Chapter 19 - Taking on Soviet Imperialism in Poland and Eastern Europe

from that visit is Pope Paul’s Address to the Polish People.) The Pope also helped deter a Soviet invasion at a point when it seemed quite likely by sending a letter to Soviet head of state Leonid Brezhnev in December 16, 1980 in defense of Polish sovereignty, and then welcoming a Solidarity delegation at the Vatican from January 15–18, 1981. Both events occurred just before Reagan entered office.

Weigel’s book, in particular, describes the long history of Bishop and Cardinal Wojtyla as a Christian anti-Communist, who then, and as John Paul II, was a special target of Soviet KGB and Politburo attention. On May 13, 1981, he was shot and seriously wounded in a failed assassination attempt by a Bulgarian associated with the KGB. There is no doubt that in Cold War history Pope John Paul II was critical to Poland’s freedom path in his interaction with the Polish Catholic Church, Solidarity leadership and millions of the faithful. Also critical was his special friendship with Ronald Reagan, also an extraordinary anti-Communist leader, who himself survived an assassination attempt on March 30, 1981 and who shared with the Pope a strong faith in Divine Providence.

2. Reagan’s Freedom Strategy and the Mounting Polish Crisis: 1980 Platform, Early NIE and NSC Meetings/Decisions—1980 to December 1981

Reagan’s key speeches and statements on his freedom strategy for the Cold War, cited extensively in Chapter 16 of this book, focused on bringing freedom to the victims of Communist totalitarianism in the Soviet Union, as well as those who struggled against Soviet imperialism in Afghanistan, Poland, Eastern Europe, Latin America, and Africa.

Reagan and his Team. Reviewed below are Reagan’s public words on Poland and Eastern Europe that were vital to his public and private diplomacy in support of his National Security Council directives as the Polish crisis developed up to the point of the Polish Government’s December 13, 1981 declaration of martial law. Weeks later, Reagan took office and the leading voices in support of Reagan’s early core NSC decisions and public statements on Poland, Eastern Europe, and the Soviet Union were Reagan’s National Security Advisors from 1981 through 1983, Richard Allen and Judge William Clark and the NSC’s senior Soviet expert Richard Pipes. Pipes was a professor of Russian History at Harvard University, a key member of the 1976 “Team B” analysis, and founding member of the bi-partisan Committee of the Present Danger (see Chapter 6 and Chapter 7). His 2003 book, Vixi: Memoirs of a Non-Belonger, provides special insights into his youth in and escape from war-time Poland, as well as on formulations of Reagan’s effective strategy in support of freedom in Poland and throughout East Europe.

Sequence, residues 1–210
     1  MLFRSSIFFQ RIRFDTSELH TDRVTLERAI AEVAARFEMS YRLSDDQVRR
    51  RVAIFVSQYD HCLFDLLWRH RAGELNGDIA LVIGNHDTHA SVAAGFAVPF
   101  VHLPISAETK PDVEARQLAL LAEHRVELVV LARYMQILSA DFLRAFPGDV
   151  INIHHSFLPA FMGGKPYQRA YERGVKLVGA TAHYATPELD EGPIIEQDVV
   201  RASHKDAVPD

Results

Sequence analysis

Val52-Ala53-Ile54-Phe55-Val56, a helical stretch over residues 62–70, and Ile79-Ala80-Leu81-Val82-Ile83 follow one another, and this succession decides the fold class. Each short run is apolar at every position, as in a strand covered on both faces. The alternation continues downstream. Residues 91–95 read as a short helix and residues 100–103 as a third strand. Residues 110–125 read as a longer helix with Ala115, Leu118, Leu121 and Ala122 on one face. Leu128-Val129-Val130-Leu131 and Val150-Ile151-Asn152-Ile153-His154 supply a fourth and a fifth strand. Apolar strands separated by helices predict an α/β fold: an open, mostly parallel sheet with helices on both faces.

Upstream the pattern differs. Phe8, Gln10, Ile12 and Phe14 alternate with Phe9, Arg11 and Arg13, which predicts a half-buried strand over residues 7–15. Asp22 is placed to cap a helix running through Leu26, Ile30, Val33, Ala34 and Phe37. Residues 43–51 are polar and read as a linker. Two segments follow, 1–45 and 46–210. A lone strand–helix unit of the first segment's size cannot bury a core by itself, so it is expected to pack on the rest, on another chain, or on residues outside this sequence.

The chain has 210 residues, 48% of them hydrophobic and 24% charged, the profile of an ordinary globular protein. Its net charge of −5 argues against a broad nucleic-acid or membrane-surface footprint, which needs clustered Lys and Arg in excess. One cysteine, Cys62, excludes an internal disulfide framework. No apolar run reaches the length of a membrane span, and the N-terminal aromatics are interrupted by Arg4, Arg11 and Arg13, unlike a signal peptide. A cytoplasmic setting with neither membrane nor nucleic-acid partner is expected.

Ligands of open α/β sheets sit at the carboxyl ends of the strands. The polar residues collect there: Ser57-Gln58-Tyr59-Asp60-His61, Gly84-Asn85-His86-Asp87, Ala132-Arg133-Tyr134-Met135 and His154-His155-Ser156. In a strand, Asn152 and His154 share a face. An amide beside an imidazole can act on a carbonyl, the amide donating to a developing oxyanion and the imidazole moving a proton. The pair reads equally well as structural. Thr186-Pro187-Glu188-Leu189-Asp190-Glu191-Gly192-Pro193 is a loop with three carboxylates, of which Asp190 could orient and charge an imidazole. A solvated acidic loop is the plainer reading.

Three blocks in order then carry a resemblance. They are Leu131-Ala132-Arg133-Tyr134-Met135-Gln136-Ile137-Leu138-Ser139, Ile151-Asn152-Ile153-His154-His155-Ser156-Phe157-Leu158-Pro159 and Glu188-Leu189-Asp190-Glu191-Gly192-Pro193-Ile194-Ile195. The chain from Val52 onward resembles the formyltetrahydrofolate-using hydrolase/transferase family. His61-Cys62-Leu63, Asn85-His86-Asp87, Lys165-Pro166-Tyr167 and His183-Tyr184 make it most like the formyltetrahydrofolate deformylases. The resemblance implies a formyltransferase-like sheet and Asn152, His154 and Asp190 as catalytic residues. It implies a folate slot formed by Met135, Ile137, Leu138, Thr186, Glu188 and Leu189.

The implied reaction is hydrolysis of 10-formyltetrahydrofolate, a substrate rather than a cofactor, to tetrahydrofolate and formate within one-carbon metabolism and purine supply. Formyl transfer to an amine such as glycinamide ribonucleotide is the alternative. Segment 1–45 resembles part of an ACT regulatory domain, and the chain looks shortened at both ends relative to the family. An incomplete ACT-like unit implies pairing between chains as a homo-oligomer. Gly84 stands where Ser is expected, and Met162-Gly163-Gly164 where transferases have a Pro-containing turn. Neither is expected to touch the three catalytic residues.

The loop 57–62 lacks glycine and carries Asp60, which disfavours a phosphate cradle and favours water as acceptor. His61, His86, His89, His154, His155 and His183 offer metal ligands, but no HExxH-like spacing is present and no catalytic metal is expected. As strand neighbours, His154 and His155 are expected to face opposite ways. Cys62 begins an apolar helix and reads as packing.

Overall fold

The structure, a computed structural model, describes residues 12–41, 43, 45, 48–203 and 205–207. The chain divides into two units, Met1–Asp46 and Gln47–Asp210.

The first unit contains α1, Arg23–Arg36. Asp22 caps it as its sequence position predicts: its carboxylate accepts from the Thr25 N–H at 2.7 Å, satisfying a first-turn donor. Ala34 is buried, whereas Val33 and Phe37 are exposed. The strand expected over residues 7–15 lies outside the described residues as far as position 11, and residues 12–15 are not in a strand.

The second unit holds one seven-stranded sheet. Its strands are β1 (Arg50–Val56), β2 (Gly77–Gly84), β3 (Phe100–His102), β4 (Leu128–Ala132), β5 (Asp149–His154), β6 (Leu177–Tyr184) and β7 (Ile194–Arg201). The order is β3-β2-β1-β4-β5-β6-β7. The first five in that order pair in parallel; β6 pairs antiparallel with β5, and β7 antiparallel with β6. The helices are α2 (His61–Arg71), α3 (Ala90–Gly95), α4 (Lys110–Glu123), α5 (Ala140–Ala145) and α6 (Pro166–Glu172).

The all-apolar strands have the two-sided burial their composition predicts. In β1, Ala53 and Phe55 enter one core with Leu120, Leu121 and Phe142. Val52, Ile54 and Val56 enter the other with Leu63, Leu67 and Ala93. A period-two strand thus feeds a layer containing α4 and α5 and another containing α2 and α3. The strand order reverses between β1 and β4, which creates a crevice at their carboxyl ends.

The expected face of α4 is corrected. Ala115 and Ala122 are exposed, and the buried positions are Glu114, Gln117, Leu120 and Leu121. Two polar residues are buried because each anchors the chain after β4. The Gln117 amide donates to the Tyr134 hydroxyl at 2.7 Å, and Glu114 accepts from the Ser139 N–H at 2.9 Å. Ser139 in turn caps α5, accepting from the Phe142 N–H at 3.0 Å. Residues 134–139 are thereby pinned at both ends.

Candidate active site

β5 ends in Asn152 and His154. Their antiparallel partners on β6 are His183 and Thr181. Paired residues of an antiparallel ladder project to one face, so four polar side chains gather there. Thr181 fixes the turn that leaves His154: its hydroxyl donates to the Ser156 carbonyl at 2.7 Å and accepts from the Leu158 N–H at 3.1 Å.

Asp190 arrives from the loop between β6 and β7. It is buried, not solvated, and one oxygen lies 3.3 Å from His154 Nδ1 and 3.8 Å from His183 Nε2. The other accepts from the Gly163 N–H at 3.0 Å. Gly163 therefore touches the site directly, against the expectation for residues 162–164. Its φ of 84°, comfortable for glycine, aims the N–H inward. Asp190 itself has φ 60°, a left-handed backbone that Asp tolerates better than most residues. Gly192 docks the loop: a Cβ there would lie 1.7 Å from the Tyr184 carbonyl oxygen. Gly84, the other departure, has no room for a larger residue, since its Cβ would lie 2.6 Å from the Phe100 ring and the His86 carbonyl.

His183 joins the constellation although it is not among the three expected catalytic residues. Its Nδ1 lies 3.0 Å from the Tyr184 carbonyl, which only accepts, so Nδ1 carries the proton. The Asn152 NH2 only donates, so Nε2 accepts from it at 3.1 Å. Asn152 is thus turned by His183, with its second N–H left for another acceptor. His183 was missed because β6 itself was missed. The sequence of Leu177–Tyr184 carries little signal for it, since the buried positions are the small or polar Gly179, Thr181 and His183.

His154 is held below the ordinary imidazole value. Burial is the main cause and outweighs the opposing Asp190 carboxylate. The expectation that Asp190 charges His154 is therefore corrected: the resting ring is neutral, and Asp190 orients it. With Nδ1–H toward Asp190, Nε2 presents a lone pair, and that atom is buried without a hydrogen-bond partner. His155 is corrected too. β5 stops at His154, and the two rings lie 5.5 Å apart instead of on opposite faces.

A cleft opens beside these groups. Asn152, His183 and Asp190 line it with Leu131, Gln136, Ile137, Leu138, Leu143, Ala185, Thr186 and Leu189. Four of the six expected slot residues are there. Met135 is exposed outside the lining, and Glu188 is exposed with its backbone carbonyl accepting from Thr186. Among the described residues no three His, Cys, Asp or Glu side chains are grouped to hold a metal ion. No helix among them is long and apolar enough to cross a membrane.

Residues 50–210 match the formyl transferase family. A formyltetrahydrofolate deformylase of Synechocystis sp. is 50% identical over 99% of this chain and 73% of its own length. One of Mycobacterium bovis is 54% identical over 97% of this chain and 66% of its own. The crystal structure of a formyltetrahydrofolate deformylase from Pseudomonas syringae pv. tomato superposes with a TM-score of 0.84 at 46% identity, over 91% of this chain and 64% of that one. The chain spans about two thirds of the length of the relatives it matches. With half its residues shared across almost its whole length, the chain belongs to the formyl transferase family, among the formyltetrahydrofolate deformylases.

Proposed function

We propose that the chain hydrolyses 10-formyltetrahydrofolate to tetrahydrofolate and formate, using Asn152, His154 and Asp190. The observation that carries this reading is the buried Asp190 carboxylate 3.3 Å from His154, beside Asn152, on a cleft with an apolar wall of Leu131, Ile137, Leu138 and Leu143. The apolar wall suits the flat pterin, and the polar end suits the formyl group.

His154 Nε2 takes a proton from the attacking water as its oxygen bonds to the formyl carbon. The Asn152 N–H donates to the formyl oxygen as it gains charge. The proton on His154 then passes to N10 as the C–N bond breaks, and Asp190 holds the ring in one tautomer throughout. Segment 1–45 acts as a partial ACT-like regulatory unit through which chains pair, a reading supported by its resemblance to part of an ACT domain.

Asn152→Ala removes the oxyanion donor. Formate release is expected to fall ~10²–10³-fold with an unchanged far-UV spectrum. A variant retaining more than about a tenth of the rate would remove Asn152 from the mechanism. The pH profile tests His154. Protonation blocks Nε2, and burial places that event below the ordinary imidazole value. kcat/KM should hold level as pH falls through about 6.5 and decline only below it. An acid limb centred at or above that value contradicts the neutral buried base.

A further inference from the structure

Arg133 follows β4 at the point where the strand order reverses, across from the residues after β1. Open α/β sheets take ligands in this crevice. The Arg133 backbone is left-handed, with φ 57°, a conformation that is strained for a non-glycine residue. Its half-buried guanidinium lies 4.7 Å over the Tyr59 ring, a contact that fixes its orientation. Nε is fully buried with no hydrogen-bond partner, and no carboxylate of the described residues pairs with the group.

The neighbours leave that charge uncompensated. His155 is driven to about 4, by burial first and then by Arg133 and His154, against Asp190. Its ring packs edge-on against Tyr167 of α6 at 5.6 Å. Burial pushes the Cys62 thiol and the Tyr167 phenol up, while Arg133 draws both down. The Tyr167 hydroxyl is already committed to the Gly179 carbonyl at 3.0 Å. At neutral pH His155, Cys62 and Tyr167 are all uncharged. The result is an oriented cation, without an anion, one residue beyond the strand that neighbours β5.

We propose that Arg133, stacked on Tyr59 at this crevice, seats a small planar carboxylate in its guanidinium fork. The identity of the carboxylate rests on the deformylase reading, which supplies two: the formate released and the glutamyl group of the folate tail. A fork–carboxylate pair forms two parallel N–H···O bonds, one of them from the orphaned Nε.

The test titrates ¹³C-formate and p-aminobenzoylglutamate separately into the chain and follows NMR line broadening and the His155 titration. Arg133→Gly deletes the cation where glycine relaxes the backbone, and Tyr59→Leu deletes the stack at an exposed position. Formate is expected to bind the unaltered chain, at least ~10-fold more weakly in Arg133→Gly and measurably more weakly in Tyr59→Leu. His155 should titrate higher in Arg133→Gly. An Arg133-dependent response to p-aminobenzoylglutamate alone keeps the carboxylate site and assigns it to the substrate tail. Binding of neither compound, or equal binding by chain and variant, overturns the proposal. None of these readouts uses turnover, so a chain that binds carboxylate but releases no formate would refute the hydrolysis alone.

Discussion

Reagan’s Election Platform—July 1980. The development and strategic importance of Reagan’s July Republican Campaign Platform—1980 as an authoritative early outline of his Cold War “grand strategy” of peace and freedom through strength is reviewed in Chapter 7. The platform’s focus on freedom is discussed extensively in Chapter 16, and includes the following words on U.S. support for the self-determination and independence of captive nations:

Republicans pledge our continued support for the people of Cuba and the captive nations of Central and Eastern Europe in their hope to achieve self-determination. We stand firmly for the independence of Yugoslavia. We support self-determination and genuine independence for new captive nations of Africa and Latin America threatened by the growing domination of Soviet power.1

At the same time that this platform text was written (in the spring of 1980) and adopted (in the summer), one of the most serious crises of the Cold War reached an explosive point in Poland and drew special attention from Reagan and his national security team.

Solidarity, Strikes, and the Gdansk Agreements—Summer 1980. The Reagan Administration’s U.S. International Communication Agency (ICA) publication of 1982 entitled Poland—A Season of Light, and of Darkness, reviewed in Topic 5 below and cited throughout this chapter, looks back on two inter-related historic events of 1979 and 1980. These were the nine-day visit of Pope John Paul II (June 2–10, 1979), and the 1980s workers’ strike at the Lenin Shipworks in Gdansk (formerly Danzig). The Pope’s visit and the rise of the Solidarity independent labor union in Gdansk revolutionized the political dynamics of Poland, undercut Soviet imperial authority, and sharpened Cold War choices between Communism and freedom. The ICA publication’s section on the “epic days of confrontation and triumph” includes the following description:

[Book pg. 461]